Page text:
State of the Nation

[ Editor’s note: this originally appeared in a slightly shorter form as a comment on Though Cowards Flinch. ]

Disclaimer: I am not associated with the LibDems. They are too much Democrat, not enough Liberal for me to join them. However, I’m an historian by training, and learned my politics in the third world, so I can spot a bankrupt political oligarchy sustained by the vested interests of a corrupt plutocracy and a deliberately fraudulent media as well as the man on the Clapham omnibus. And I’ve been saying so on the internet since a hell of a long time before #leadersdebate.

“Cleggmania” (what is it with ‘manias’ in the UK media? Couldn’t we just have some alliteration, like ‘Liberal Lurch’ or ‘Democratic Deluge?) Everyone seems to have caught a case of the Private Wilsons: “COUNTRY GONE MAD !!@!11! How can such a political shift come from just 90 minutes of television? We’re ALL DOOOOOOOOOMEDcaptainmainwaring”. Well, it’s been 180 minutes now and the world hasn’t ended.

This remarkable media story is being characterised as “some kind of sudden mass movement of emotion” (my emphasis). Boris Johnson’s view goes further: when the electorate turn against the Establishment, the problem is clearly that we’ve got the wrong sort of voters, what?

This is not sudden to anyone not blinkered by tribalism and industrial-era thinking. Cameron is, famously, a lightweight and Osborne was in hiding until after the second debate: the assumption that it was “their turn” is the only reason the Conservatives looked set to win at this election. This tidal shift in public politics has been building on a steady curve since Hyde Park 2003 and the resignation speech of Robin Cook. Since the death of Ian Tomlinson and the fall of Michael Martin, it’s been obvious that most of the country didn’t like the arrogance of “taking turns”. And everything I have seen, including Johann Hari’s masterful description of Britain’s left-liberal but disenfranchised majority, suggests that this is only a shift in the media’s perception of our politics. It does not seem to represent a change in the opinion of the electorate, beyond their answer to the question: “Can the LibDems win?”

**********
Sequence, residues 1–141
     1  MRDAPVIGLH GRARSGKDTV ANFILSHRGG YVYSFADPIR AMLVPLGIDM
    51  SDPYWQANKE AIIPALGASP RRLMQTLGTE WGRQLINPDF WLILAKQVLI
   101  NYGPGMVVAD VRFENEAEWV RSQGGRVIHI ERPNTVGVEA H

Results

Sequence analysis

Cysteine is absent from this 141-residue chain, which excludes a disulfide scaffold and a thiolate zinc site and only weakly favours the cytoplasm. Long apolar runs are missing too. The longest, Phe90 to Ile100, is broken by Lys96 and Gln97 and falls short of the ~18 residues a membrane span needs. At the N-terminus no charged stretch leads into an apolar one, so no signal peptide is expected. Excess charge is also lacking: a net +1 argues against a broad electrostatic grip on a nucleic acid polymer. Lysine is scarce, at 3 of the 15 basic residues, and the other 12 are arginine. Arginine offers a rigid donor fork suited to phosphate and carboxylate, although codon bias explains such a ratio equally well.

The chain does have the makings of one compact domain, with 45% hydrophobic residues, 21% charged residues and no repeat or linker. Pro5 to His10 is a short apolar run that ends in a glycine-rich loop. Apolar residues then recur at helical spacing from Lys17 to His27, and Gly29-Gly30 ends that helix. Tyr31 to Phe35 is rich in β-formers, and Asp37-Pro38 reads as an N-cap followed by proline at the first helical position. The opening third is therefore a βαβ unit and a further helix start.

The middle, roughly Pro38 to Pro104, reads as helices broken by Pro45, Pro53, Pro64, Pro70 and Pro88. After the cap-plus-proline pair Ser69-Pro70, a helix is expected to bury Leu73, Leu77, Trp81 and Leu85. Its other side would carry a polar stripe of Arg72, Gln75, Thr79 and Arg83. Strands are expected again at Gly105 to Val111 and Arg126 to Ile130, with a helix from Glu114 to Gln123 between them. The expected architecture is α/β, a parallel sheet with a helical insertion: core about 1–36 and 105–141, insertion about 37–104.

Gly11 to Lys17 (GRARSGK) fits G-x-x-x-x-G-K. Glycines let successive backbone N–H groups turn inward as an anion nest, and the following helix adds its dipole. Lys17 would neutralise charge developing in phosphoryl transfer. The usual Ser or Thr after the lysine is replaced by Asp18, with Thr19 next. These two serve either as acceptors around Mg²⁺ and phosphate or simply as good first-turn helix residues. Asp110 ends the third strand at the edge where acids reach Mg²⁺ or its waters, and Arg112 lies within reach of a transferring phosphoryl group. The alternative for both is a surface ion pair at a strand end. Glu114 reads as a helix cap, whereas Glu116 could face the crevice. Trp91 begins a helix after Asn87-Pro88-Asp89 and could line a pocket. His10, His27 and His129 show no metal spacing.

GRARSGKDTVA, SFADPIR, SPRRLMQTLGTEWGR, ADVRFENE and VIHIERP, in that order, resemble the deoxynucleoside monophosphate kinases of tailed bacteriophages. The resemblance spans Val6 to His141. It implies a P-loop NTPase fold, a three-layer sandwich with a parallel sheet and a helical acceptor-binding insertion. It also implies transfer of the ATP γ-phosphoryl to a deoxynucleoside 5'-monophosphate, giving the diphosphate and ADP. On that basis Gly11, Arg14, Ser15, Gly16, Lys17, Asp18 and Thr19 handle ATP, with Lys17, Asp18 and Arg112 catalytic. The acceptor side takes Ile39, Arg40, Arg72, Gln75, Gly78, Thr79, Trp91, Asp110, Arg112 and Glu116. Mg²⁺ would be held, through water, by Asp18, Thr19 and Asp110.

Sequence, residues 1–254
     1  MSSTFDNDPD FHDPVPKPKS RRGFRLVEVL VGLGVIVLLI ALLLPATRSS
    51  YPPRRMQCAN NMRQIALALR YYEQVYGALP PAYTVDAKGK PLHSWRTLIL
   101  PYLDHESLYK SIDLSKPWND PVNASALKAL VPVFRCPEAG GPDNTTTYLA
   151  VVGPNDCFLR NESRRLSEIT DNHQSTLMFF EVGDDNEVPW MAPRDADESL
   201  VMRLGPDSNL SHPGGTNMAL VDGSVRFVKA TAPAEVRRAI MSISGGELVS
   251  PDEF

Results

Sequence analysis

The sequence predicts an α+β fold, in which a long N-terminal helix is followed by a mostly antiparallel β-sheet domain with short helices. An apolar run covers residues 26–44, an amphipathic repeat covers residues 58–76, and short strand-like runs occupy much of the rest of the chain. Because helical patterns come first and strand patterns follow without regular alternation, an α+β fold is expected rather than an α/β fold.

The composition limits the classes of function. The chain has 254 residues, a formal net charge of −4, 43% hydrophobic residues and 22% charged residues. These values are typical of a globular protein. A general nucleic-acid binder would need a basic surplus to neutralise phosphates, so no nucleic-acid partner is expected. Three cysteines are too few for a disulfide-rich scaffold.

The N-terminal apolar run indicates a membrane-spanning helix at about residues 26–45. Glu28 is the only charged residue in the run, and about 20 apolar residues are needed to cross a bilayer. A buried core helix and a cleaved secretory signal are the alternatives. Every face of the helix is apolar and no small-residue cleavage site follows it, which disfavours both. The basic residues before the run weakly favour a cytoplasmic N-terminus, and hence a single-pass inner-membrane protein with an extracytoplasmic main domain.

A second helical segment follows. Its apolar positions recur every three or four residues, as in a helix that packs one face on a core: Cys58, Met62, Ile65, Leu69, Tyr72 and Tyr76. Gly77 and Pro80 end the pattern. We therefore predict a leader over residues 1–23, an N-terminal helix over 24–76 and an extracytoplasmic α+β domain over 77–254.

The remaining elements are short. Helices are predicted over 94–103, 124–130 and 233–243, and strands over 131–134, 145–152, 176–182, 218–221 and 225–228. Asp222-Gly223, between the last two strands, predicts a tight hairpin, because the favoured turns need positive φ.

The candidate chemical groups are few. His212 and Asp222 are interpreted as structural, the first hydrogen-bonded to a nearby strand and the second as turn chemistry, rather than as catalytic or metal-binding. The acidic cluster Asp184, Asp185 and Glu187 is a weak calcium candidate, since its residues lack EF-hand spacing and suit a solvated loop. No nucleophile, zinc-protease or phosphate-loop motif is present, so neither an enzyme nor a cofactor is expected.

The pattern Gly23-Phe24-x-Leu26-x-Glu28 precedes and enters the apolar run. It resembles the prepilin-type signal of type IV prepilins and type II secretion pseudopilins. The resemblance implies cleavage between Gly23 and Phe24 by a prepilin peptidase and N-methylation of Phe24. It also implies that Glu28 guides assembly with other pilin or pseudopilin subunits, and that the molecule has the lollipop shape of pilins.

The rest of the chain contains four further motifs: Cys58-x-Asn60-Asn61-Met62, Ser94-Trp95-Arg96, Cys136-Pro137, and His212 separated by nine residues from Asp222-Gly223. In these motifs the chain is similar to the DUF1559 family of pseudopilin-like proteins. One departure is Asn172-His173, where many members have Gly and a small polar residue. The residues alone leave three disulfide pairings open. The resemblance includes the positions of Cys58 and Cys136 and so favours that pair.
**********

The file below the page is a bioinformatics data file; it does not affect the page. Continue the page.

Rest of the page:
Customers in my pub (which is in Hackney) who’ve voted Labour every election since the 60s, have been complaining about how there are no real options any more ever since Labour turned into hysterical authoritarians. The Tories are only running to the right because Labour have parked their tanks on Thatcher’s lawn; once the Smiler was gone to the lecture circuit and to Do God internationally, the country finally noticed that the New Labour experiment was quite simple. Hypothesis: we’ll get more seats if we move the Labour party away from the politics of labour and into the arms of the mill owners. 1997: hypothesis proved.

The expenses scandal left most of the country not, as people keep trying to say, anti-politics but anti-politician. We’re looking at potentially the highest voter turnout since WWI and an immense flood of non-partisan, issue- and policy-based activism. That’s not anti-political, Mr. Cameron. The oligarchy haven’t seen it for so very, very long that they had genuinely forgotten what a working political economy even looks like.

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Every Lab/Con front-bencher has spoken to a national audience of over 10 million multiple times. No Liberal Democrat leader had done so in the history of the party. Why are people shocked by the public’s reaction? The era of TV-dominated politics began exactly 50 years ago with the Nixon-Kennedy debate. So, shutting one party out of the media narrative and minimising their TV exposure results in their profile being so low that they’re unelectable? Of course it results in that, that’s precisely why they’ve been doing it.

Many Tory commentators have pointed out that it was a fatal mistake to allow Clegg to look like an equal. They’re right. It was ethically and morally correct, and very, very long overdue, but there is no question that it was a mistake.

What the debates have done, the only thing the first debate did, was expose the Liberal platform of ‘we’re not the other guys’ to the public at large, rather than only to the clattering classes. 64% of those polled actively want a hung parliament, want no party to be able to ram through bad, stupid laws for partisan or electoral advantage. Finally, those people have a home for their vote.

People have been saying “Why can’t we kick ‘em both out?” in increasingly loud voices ever since they discovered that their MPs were not only institutionally corrupt, but also shamlessly arrogant and entitled. All that has happened now is that the people in question discovered that they can, and it’s been a bloody long time coming.


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